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Aston Martin 3

        The Aston Martin Owners Club 


These images and text were re-discover. They were original on the Restored-classics-com  website, that is now defunct.  
They are reproduced from a damaged hard drive that was created in the early 2000's
Originally Assembled By Brian McMillan , Pat Davis,  Alan Puckett and others.
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The red Ulster is a painting of LM20 

which won Le Mans in 1934.

It was owned by the artist Alan Puckett who restored it.

Have a look at his web site. Any of his work is exquisite.

He swapped LM20  for a New  DB2/4 Mk1

Unfortunately   Alan Puckett's Website has disappeared. I did speak to Alan a few years ago when I was putting the Aston pages together for the web site.

Aston Martin LM20

as restored by Henry and Peter Dale 1954 Melbourne

Photo Below

R Murton - Neil

 at the wheel of the Aston Martin, winner of the Rudge Whitworth Cup, 1935 

First British car to finish at Le Mans

 images left - The Puckett Restoration 1958 / 1960


From Motor Sport August 1937


A test of the Aston Martin, first British car to finish at Le Mans

What does twice times twenty four make? There is no catch. It makes fourty eight.  But when that forty eight means fourty eight hours of strenuous racing, the sum of two contests at Le Mans, one expects it to make some considerable inroads upon the life of a car.  One is not always correct, for some cars seem to keep on going forever.  They are real soldiers.  Veterans who can last out  a battle better than many of the other young recruits.

The Ulster  model Aston Martin which was kindly placed at the disposal of Motor Sports by Speed Models, Ltd the sports car specialists of 6a Pembridge Mews, London,W II, is a veteran, however in the light of its performance in 1935, as one of the "official" works cars it was driven at Le Mans by the two Charle's,  Martin  and Brackenbury, and, having covered 1804.4 miles, ran out a winner of the Rudge Whitworth Cup with a figure of merit, on the handicap formula,

In 1935 there was no race at Le Mans, owing to industrial troubles, but in 1937 the Aston Martin, which in the mean while had been in use as an ordinary road car, returned to the fray.  Now it had changed hands, and had become the property of the Hon. J.M.Skeffington.  It was entered in the race Jointly by Skeffington and R.C.Merton Neale, director of Speed Models Ltd, and thus lost its qualification for the Bicentennial Rudge - Whitworth Cup, in which contest it is the  entrants previous qualification, and not the car's which counts.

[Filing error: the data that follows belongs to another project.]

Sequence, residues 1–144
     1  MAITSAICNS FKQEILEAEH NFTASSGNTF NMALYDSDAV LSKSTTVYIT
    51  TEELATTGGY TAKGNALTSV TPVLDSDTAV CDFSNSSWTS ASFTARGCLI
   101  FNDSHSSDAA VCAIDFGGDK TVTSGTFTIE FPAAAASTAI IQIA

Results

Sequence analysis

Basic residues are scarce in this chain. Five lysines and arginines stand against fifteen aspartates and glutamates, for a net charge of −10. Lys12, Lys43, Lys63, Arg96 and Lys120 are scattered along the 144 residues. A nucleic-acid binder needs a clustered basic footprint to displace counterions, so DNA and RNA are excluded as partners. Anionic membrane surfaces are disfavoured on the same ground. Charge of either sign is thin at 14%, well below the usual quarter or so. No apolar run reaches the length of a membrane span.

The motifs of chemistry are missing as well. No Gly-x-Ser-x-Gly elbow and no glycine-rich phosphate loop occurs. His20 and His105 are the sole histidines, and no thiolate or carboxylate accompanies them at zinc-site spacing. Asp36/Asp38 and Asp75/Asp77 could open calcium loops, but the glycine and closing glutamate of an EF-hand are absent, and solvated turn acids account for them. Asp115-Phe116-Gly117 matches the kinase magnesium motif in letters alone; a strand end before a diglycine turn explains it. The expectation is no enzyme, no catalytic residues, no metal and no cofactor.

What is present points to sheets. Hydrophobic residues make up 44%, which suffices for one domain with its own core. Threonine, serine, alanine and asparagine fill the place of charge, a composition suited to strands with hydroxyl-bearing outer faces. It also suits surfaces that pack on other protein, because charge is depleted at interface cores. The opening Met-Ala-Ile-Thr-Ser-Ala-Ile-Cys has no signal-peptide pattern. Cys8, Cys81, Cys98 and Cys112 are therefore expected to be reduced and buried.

This left the car with two objects, first to compete in the race for the longest distance - a stiff task, as it is only 1.5 litre engine capacity - and secondly to qualify for the  1938 Bicentennial cup.  Both these aims were nobly fulfilled In the Grand Prix d'endurance, for the longest distance the 1.5 litre Aston Martin  competing against the fast foreigners with engines more than double the size, not to mention a number of larger British cars, actually finished fifth.

It covered 1790 miles, against the winning Bugatti's  2041 miles, and was the first British car to finish.  The Aston Martins average speed was 71.6 mph  it wan the 1500 cc class easily, and was faster than any of the 2 litre cars which finished.

Naturally this fine feat also ensured a qualification for the next Biennial Cup, while in the annual contest on the formula basis, the car was placed third.  The performance was particularly creditable for whereas in 1935  Martin and Brakenbury, both drivers of great experience, covered  a slightly greater mileage, the recent race was Skeffington's first effort at the wheel, and it is no discredit to him to record that his laps were necessarily slower than the experienced Murton -  Neale.

The low bright red car looked so wickedly impressive when I  first saw it that I insisted upon Murton - Neale driving it out of the melee of London traffic, a precaution which subsequently was proved quite needless.  It still bore proudly its Le Mans numbers, and Murton Neale told me  it was the exact condition in which it had finished the race.

"preparing for the race" he said "we fitted new pistons, valves and springs, and assembled everything very carefully, 'Chick' Fowler, Sir Malcolm Campbell's old mechanic, did most of the tuning, but practically all the running in that was possible was the run down to the coast and  then across to France.

"In the race itself the car was steadily running itself in till we eventually we were getting  5,500 rpm in top , or perhaps a maximum of 5,600 if we wanted it.  That would be about 111mph"

  "Did you have much in hand" I asked as we negotiated the traffic.

  "Lots" he said  "If we had used all our speed we might have picked up several places.  One can always say that after the race though!"

  He was at the wheel, he told me , when the multiple crash occurred, and was held up for a few moments while the debris was removed.  We were both silent for a short time, thinking of the tragic consequences for poor Pat Fairfield.

  We were making for the Brooklands track of course, and  at last on the Kingston by pass could open up a little.  Watching the rev counter mount, and admiring the steady cornering. I asked what was the  car's best lap at le mans was.

"About 83 mph " returned the driver. This was certainly shifting for an unblown car.

Image left

Warwick Farm  June 1963